by Bill O’Grady | PDF
President and General Secretary Xi Jingping has changed the course of Chinese governance. Deng Xiaoping Peng created a collective leadership model to prevent the rise of another Mao. Leaders were carefully selected and surrounded by leading figures of the various factions of the Communist Party of China (CPC). Term limits were put in place to restrict a President/General Secretary to two five-year terms. Deng established a structure of government which was somewhat decentralized. Cults of personality were discouraged.
Xi Jinping has reversed these measures. He has ended the restrictions on term limits. The Standing Committee of the Politburo is mostly composed of allies. Instead of using the structure of government that diffused power, Xi has created a series of informal committees that actually execute policy; this gives him nearly complete control of the government. “Xi Jinping thought” is now discussed in party and academic circles; although no one has bound them into a little red book, it would not be a surprise if that were to occur.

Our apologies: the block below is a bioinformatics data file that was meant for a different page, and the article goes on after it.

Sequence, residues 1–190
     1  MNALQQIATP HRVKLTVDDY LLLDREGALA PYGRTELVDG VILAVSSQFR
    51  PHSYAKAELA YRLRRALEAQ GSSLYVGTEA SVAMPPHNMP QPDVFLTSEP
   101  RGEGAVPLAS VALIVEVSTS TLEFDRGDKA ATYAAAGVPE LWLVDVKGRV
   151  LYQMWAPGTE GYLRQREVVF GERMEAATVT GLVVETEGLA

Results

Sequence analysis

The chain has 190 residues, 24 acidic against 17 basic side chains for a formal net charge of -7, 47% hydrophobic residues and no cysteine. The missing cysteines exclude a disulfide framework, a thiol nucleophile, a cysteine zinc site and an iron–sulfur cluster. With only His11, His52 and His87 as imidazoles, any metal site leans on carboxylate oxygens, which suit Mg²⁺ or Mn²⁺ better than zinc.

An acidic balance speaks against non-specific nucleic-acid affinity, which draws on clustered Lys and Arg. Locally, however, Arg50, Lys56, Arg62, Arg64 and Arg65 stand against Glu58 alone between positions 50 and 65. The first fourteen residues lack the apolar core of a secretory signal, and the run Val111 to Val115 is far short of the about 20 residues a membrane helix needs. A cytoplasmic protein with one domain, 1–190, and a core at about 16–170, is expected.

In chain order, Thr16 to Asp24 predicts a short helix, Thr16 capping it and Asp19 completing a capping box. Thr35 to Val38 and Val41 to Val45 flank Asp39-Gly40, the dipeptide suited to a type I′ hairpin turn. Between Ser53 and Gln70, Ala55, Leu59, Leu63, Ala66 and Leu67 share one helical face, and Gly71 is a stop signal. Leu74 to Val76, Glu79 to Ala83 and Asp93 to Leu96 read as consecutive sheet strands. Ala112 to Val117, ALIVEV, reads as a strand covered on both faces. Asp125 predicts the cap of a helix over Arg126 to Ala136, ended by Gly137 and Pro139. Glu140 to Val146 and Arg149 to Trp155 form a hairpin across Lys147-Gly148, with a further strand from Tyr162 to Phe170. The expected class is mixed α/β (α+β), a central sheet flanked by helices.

Xi is also changing China’s foreign policy. Under Deng, foreign policy was all about “hide your ambitions and disguise your claws.” Under Xi, foreign policy has been more assertive. However, over the past 18 months, we have seen aggressive and, perhaps more importantly, widespread actions. China seems to be willing to create tensions across a broad spectrum, which does appear to be a new development.
There are two broad themes to this report. In Part I, we will frame China’s situation using Japan as an analog. In Part II, we will continue the analog, discuss recent Chinese aggression and offer a detailed analysis of the potential motivations of Chinese and U.S. policymakers. As always, we will conclude the discussion with potential market ramifications.